How will Cannabis/Marijuana impact Workers Compensation?

There has been a lot of change surrounding marijuana during the past few years, as many states have legalized medical marijuana while some have also legalized recreational use. The vast majority of employers have a strict policy, instituting a drug-free and alcohol-free workplace with almost no exceptions. Some employees also have to regularly submit to drug and alcohol tests. Now that many states have legalized recreational and medical marijuana, how will this impact workers’ compensation benefits? If someone suffers an injury in the workplace and tests positive for marijuana, can they be denied workers’ compensation benefits? 

Marijuana Remains Illegal at the Federal Level

First, marijuana remains illegal at the federal level. As a result, many of the individuals who use medical marijuana are not covered by the Americans with Disabilities Act (ADA). What this means is that this is something that is decided at a state level. Employers are going to find inconsistencies between federal and state policies regarding recreational and medical marijuana. This can make it challenging to navigate workers’ compensation.

Presumed Intoxicated

There are some careers where people are drug tested randomly and regularly; however, a lot of individuals are going to be asked to take a drug test if they are injured on the job. Then, the employer is going to compare the results of this drug test to any prescription medications the individual is taking. For example, if someone has a prescription for benzodiazepines due to anxiety or a seizure disorder, these benzodiazepines may show up on the drug screen. As long as someone has a prescription, this may or may not impact workers’ compensation benefits.

On the other hand, if someone tests positive for THC, the active component in marijuana, a challenge could be made to the workers compensation commission and/or carrier on the basis that the individual was under the influence at the time of injury and marijuana is still illegal under federal law. It creates a murky scenario for sure.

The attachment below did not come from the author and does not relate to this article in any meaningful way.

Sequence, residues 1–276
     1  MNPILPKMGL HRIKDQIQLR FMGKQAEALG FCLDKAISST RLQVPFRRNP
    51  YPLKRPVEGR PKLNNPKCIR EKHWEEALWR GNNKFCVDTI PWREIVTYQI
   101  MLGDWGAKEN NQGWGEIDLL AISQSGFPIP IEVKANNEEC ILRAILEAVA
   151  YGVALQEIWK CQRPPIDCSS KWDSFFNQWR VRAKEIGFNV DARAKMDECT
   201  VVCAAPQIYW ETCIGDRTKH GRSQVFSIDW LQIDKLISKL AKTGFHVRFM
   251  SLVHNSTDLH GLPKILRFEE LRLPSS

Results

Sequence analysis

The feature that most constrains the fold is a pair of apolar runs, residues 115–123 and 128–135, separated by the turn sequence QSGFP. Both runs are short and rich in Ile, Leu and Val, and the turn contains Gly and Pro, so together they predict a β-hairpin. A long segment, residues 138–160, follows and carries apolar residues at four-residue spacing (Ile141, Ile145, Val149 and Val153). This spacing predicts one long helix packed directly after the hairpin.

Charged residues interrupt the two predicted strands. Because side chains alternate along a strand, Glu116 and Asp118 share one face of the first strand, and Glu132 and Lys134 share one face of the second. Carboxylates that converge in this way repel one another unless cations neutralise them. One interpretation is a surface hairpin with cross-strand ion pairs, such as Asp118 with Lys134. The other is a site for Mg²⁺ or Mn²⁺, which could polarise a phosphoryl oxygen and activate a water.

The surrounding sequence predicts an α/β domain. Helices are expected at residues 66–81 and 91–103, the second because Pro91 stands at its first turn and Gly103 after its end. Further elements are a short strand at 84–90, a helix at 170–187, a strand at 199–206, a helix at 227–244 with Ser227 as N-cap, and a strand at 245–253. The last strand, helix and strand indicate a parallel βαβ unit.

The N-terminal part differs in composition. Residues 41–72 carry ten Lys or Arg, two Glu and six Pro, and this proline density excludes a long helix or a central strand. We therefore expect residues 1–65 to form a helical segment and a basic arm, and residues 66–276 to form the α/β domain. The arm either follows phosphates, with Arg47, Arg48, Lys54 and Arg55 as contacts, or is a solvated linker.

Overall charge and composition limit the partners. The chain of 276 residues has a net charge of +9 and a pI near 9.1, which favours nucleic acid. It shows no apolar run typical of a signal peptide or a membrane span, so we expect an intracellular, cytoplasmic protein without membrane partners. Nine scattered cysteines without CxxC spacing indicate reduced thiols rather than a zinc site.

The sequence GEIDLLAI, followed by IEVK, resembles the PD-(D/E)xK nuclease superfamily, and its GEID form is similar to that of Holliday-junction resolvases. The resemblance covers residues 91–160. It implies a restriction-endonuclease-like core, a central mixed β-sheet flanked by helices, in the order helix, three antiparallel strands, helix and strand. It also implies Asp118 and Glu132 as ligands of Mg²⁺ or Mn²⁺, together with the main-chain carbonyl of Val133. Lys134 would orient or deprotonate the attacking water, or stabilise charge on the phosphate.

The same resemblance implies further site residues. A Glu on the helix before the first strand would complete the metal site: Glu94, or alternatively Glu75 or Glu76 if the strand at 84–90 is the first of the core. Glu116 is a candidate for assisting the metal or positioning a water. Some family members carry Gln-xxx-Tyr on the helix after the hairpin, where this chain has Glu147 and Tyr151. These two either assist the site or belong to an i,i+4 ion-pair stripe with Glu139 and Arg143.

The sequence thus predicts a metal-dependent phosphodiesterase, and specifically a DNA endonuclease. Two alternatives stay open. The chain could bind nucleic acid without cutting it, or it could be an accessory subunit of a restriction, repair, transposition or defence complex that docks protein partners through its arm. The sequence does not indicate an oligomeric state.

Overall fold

Taking a Closer Look at the Testing Method

Importantly, the results of a drug test are going to be impacted by the method used. In a lot of situations, a drug test is going to be conducted using a urinary screening. One big problem with the current statute is that urine does not show what is currently active in someone’s bloodstream. It only shows that someone used that substance at some point in the past. THC could stay in the urine for several days and does not necessarily mean that individual was intoxicated or under the influence at the time of the injury.

Looking to the Future

One way to navigate this issue is to get a blood test immediately after the injury. This is a more accurate reflection of what is currently in someone’s system; however, the laws simply have not caught up to society. Right now, marijuana is still illegal under federal law, which can make workers’ compensation benefits a challenge depending on the specific claim situation.

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